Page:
Eventually, around one, our train arrived and we entered our carriage which was supervised by a large lady of unparalleled grumpiness whose name was 'Marina'. Even by post-Soviet standards, she took service without a smile to new heights and clearly resented having to do anything connected with her job whatsoever, let alone having to deal with foreigners who speak only halting Russian. It made us glad to be who we are again! Indeed, our moods had improved immensely, we were back in Russia, heading towards Moscow and hopefully a plane out to Bulgaria, and I fell asleep virtually as soon as my head touched the pillow of my gently-rocking bunk.

SAM_0030 Konotop Station


2nd September, 2002 – Moscow, Russia

“What are you doing here?!”

Yevgeny clearly was not used to having clients return so quickly from the Ukraine.

“The Ukrainians.”

“They didn't let you in?”

“Yep.”

“You tried bribing them?”

“Yep.”

“Well, that's a first.”

Once he'd got over his initial shock however, our travel agent proved to be an angel. “We've only got until tomorrow left on our Russian visas and we've got to get to Bulgaria!” I stressed. We were whisked off in his plush new Lada to 'travel agents for travel agents' as he put it, and after some intensive investigations, we were booked onto the next Aeroflot flight out to Sofia, departing Sheremetovo airport the following morning. And so, it was back to the Ismailovo fifteenth floor for us and our baggage.

Thus we had one final day to kill in Moscow. And it was a Moscow thick with smoke. “You know why?” said Hazel. “Last night, whilst you were sleeping, we passed through a massive forest that was on fire. It was quite exciting.” This fact was later confirmed on TV and for the following week or so, the Moscow air was apparently thick and unhealthy.

I decided the visit the Pushkin Gallery, but it was shut, so we mooched about, walked the famous Arbat, (Moscow's Covent Garden), bought furry KGB hats, browsed through the tomes in ANGLIYA and sipped tea by the Kremlin, grateful for this oasis of peace and order amidst the vast desert of customs men and police-infested, corrupt desert that is the post-Soviet world.

3rd September, 2002 – Sofia to Varna train, Bulgaria

So here I am, sat on a train thundering through the fields of Northern Bulgaria. I’m looking out of the window, but what I see doesn’t interest me. The spectacular scenery; the magnificent Iskar Gorge where the track coils itself around the steep slopes of the valley side, high above the fast-flowing river below, is long past now and these fields, unspectacular at best, I have seen many times before and shall doubtless gaze upon countless times again over the coming year.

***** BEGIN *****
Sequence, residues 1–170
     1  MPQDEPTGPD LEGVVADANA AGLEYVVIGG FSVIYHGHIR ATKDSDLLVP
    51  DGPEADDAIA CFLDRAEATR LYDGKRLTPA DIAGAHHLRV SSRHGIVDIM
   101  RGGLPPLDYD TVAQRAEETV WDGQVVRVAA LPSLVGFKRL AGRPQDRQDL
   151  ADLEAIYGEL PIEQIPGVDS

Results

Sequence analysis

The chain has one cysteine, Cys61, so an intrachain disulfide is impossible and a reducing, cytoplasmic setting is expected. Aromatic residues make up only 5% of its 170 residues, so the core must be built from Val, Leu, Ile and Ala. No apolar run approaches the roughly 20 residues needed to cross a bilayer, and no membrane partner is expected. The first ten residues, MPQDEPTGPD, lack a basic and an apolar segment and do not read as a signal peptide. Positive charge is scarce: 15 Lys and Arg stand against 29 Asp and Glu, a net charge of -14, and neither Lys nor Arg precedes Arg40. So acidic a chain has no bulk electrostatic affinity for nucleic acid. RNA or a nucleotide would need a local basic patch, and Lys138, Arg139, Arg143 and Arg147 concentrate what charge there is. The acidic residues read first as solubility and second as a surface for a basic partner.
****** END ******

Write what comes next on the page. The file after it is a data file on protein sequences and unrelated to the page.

I am tired. Physically tired. Little sleep last night, up early, a long metro ride, and then the bus to Sheremetovo. And after that, passport checks, waiting around and then boarding the plane that was to take a mere three hours to reach the Bulgarian capital. This was the modern travelling that I knew only too well. Fast, convenient, comfortable, and with the pleasure surgically removed. The Sibling, sat in front next to a Kazakh businessman was happily chatting away to this new-found friend. I however, could not be bothered any longer. I just sat and read.

And once in Sofia, and baggage retrieved, it was a car, (courtesy of the aforementioned Kazakh), into the city centre and then a taxi to the railway station. My two younger comrades’ eyes were wide open, drinking in the sights of this new city and country. But for me there was nothing new. This was my fourth time in Bulgaria and she held few surprises. She is the land, (excluding my own of course), which has maintained the greatest hold on my affections of all those on Earth that I have had the good fortune to be able to visit, and I suppose that I should have been overjoyed to greet her once more. But I was not. As I said before, I was tired, mentally as well as physically.

Booking tickets for the 13:30 departure for Varna, and ordering food at a station café, I discovered that my Bulgarian was rusty and spattered with Russian invasions. Oh well, that was only temporary, it would soon change. We boarded the train and settled down. Eight hours until arrival. Short compared with so many of my recent journeys, but oh how it is dragging!

I run through the trip in my mind. Japan, Korea, China, Kazakhstan, Uzbekistan, Turkmenistan, Russia, the Ukraine and now Bulgaria. Nine countries and uncountable memories. That’s more travelling than most people do in their entire lives. It took me less than two months. So why do I feel so downcast? Is it because I failed? I’d aimed to travel from Toyama to Varna entirely by land and sea and I’d failed. At the last hurdle. And failure weighs heavily indeed.

Yet is it the failure? If anything, that failure is mixed with relief. I am mentally tired, too tired, unable to take it all in anymore. Nine countries in two months is far too much. I can’t take it. I wonder at how the likes of Brian Connellan can enjoy staying on the road for six months or more. That would drive me round the bend.

No, my travelling is over for now. I want to settle down in one place for a while. Do a job, get a routine, live in some sort of normality. Even the prospect of a day trip sounds horrific. Perhaps I’m glad that I failed in a way. If I hadn’t, I’d only be mid-Romania by now, with a lot more than five hours to go. A sobering thought indeed!

Yes, indeed. The Sibling and Hazel, card-playing and lively, still have half their trip ahead of them, but mine is now over, consigned to photographic images, the words on this paper and the memories in my head.

And so like at the beginning of this work, I realize that an era has just died and that a new one is about to be born. I rise from my seat and cross the compartment, sitting down once more in the direction of travel. A life in Bulgaria awaits.

It is time to look forward.

FINIS